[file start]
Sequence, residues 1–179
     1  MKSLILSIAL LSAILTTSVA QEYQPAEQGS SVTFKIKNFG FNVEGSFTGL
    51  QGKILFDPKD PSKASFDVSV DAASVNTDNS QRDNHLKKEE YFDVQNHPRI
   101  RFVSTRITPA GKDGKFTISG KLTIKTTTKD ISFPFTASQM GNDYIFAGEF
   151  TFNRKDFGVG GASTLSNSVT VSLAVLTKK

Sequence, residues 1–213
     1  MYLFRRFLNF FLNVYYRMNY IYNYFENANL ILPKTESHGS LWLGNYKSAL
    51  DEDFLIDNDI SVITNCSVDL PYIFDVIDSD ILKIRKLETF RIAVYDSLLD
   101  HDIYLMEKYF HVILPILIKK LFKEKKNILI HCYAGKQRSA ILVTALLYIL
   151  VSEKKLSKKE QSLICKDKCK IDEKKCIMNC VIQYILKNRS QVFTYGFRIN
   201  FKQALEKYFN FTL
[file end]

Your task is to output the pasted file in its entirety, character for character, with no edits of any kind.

Sequence, residues 1–179
     1  MKSLILSIAL LSAILTTSVA QEYQPAEQGS SVTFKIKNFG FNVEGSFTGL
    51  QGKILFDPKD PSKASFDVSV DAASVNTDNS QRDNHLKKEE YFDVQNHPRI
   101  RFVSTRITPA GKDGKFTISG KLTIKTTTKD ISFPFTASQM GNDYIFAGEF
   151  TFNRKDFGVG GASTLSNSVT VSLAVLTKK

Sequence, residues 1–213
     1  MYLFRRFLNF FLNVYYRMNY IYNYFENANL ILPKTESHGS LWLGNYKSAL
    51  DEDFLIDNDI SVITNCSVDL PYIFDVIDSD ILKIRKLETF RIAVYDSLLD
   101  HDIYLMEKYF HVILPILIKK LFKEKKNILI HCYAGKQRSA ILVTALLYIL
   151  VSEKKLSKKE QSLICKDKCK IDEKKCIMNC VIQYILKNRS QVFTYGFRIN
   201  FKQALEKYFN FTL